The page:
Scientific Article
Binge Alcohol Use and Prescription Opioid Misuse in the U.S.

Author
Marissa B. Esser, Gery P. Guy Jr., Kun Zhang and Robert D. Brewer
Citation
Esser, M., Guy, G., Zhang, K. and Brewer, R. (2019). Binge Drinking and Prescription Opioid Misuse in the U.S., 2012–2014. American Journal of Preventive Medicine.
  • Source
    American Journal of Preventive Medicine
  • Release date
    11/06/2019

Binge Alcohol Use and Prescription Opioid Misuse in the U.S., 2012–2014

Research article

Introduction

Prescription opioids were responsible for approximately 17,000 deaths in the U.S. in 2016. One in five prescription opioid deaths also involve alcohol. Alcohol users who misuse prescription opioids (i.e., use without a prescription or use only for the experience or feeling it causes) are at a heightened risk of overdose. However, little is known about the relationship between alcohol consumption patterns and prescription opioid misuse.

Methods

Data were analyzed from 160,812 individuals (aged ≥12 years) who responded to questions about prescription opioid misuse and alcohol consumption in the 2012, 2013, or 2014 National Survey on Drug Use and Health (analyzed in 20172018). The prevalence of self-reported past-30-days prescription opioid misuse was assessed by sociodemographic characteristics, other substance use (i.e., cigarettes, marijuana), and alcohol consumption patterns. Multiple logistic regression analyses were used to calculate AORs.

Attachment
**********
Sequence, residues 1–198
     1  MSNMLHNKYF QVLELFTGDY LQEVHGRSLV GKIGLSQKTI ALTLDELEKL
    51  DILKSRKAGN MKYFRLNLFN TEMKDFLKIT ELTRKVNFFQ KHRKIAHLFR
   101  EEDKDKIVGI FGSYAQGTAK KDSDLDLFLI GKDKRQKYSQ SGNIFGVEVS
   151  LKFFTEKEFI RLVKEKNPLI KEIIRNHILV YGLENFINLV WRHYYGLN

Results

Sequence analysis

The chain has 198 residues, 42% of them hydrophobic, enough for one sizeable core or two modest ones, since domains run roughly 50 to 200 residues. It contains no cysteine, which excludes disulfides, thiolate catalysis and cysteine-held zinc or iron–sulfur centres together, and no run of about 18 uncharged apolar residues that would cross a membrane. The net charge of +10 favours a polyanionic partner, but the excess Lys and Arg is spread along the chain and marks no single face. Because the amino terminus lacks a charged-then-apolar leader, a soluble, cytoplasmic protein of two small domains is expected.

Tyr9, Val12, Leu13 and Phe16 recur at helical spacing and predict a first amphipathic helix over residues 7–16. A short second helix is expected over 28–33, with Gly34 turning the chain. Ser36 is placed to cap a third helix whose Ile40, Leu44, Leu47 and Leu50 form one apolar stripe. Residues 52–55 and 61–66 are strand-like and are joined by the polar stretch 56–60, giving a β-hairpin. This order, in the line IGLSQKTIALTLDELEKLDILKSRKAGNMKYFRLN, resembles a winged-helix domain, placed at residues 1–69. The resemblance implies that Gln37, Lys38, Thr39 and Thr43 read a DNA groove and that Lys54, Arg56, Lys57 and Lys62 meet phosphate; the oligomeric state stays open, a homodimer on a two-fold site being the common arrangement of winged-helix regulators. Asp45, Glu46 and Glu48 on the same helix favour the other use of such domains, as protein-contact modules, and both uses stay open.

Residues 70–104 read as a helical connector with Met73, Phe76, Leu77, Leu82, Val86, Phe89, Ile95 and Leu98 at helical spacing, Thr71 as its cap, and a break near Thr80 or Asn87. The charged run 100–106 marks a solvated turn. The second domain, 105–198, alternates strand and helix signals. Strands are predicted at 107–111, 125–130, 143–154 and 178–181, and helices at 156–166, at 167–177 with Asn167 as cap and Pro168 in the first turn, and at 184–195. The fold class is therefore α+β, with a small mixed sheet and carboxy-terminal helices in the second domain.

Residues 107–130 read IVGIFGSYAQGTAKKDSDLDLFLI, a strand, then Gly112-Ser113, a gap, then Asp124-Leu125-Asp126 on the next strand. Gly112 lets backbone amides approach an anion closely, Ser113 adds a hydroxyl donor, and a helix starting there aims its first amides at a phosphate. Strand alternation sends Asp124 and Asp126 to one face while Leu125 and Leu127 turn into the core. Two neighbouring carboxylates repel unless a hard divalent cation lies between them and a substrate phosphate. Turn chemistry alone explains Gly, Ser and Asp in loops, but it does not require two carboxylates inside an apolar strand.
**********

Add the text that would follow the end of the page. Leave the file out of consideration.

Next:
Results

From 2012 to 2014, 1.6% of all individuals aged ≥12 years (estimated 4.2 million) and 3.5% of binge alcohol users (estimated 2.2 million) reported prescription opioid misuse. Prescription opioid misuse was more common among binge alcohol users than among abstainers. Overall, the prevalence of prescription opioid misuse increased significantly with binge alcohol use frequency.

Conclusions

More than half of the 4.2 million people who misused prescription opioids during 20122014 were binge alcohol users, and binge alcohol users had nearly twice the odds of misusing prescription opioids, compared with alcohol abstainers. Widespread use of evidence-based strategies for preventing binge alcohol use might reduce opioid misuse and overdoses involving alcohol.

Source Website: AJPM